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Multiple Eigenvalues.

In theory, we get convergence only to eigenvectors that are represented in the starting vector. Normally this is not of any great concern, since rounding errors will also introduce those directions that were not present at the outset into the computation. However, in one case this is important, namely, when the matrix has multiple eigenvalues. In that case, we will get only one vector from the multidimensional invariant subspace of this multiple eigenvalue. Note that any vector in the subspace is equally valid: there is no way for this, or any other algorithm, to choose a special vector and each Lanczos run with a different starting vector will yield a new suggestion for an eigenvector to a multiple eigenvalue.

There are two different ways to get a set of linearly independent eigenvectors to a multiple eigenvalue. The first is to restart and run a projected operator on the subspace orthogonal to the converged eigenvector(s), where all the converged eigendirections have been projected away. This corresponds to orthogonalizing the vector in step (9) of Algorithm 4.6 to all converged eigenvectors. This procedure is repeated as long as new vectors converge; see, e.g., . There is a second, more radical way to deal with possibly multiple eigenvalues: the block Lanczos method. It starts with several, say , starting directions, forming a block , and lets operate on all of in step , to compute a new orthogonal block . The matrix will be a block-tridiagonal, or more properly band matrix; see the description in §4.6.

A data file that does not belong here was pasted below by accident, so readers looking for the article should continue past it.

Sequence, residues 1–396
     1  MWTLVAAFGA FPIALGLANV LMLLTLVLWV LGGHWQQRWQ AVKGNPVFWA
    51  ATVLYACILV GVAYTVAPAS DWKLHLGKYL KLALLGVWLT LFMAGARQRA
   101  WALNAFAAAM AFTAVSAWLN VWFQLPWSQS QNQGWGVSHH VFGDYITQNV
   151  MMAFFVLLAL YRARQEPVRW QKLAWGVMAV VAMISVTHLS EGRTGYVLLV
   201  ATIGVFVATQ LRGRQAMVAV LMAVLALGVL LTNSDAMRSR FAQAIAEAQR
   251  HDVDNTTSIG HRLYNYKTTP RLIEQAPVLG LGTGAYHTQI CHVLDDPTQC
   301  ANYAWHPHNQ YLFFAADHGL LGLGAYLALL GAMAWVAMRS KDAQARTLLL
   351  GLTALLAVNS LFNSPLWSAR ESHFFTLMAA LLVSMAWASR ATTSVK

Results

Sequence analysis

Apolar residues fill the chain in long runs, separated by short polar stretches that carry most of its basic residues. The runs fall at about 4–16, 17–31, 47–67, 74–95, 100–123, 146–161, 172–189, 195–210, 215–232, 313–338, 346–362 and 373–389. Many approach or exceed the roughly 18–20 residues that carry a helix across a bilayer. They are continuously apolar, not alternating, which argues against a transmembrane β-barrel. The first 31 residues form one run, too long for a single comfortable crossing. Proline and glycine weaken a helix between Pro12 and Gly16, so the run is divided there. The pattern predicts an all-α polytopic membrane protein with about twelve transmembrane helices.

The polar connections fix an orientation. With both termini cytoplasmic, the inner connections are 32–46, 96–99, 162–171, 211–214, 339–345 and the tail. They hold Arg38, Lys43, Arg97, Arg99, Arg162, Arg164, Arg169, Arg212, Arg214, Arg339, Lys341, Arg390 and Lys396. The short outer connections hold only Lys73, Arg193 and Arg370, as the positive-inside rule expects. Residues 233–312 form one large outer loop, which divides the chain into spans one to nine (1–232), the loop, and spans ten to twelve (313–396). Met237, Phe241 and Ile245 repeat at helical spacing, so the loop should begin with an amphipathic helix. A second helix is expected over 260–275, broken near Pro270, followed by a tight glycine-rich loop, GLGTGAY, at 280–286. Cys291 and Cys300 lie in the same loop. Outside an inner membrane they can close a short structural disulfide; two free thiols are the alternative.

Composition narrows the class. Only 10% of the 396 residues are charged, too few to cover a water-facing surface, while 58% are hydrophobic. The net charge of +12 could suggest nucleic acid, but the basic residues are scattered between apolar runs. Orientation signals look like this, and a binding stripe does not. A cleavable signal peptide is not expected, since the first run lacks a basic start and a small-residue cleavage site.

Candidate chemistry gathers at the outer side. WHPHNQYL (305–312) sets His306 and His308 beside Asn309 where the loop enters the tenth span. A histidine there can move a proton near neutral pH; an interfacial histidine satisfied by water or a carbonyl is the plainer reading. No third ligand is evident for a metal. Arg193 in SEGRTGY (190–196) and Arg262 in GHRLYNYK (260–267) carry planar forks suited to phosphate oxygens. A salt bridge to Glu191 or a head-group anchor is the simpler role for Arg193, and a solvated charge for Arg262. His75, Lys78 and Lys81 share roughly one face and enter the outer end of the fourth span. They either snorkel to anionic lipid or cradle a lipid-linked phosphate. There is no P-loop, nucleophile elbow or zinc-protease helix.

In the block Lanczos method, the convergence is governed by the separation of the desired eigenvalue from other eigenvalues away in the spectrum, say , if we assume the eigenvalues sorted from smallest to largest. However, the degree of the polynomial is , not , as we would have if we ran single-vector Lanczos for the same number of basis vectors, and this will slow down the convergence in the general case.

Regardless of the above objection, block Lanczos is advantageous for efficiency reasons, whenever computing for an matrix is much cheaper than computing for vectors, one after the other. This is the case for most machines with cache memories and when the matrices are so large that they need to be stored in secondary storage.     Next: Spectral Transformation Up: Convergence Properties Previous: Convergence Properties   Contents   Index
Susan Blackford 2000-11-20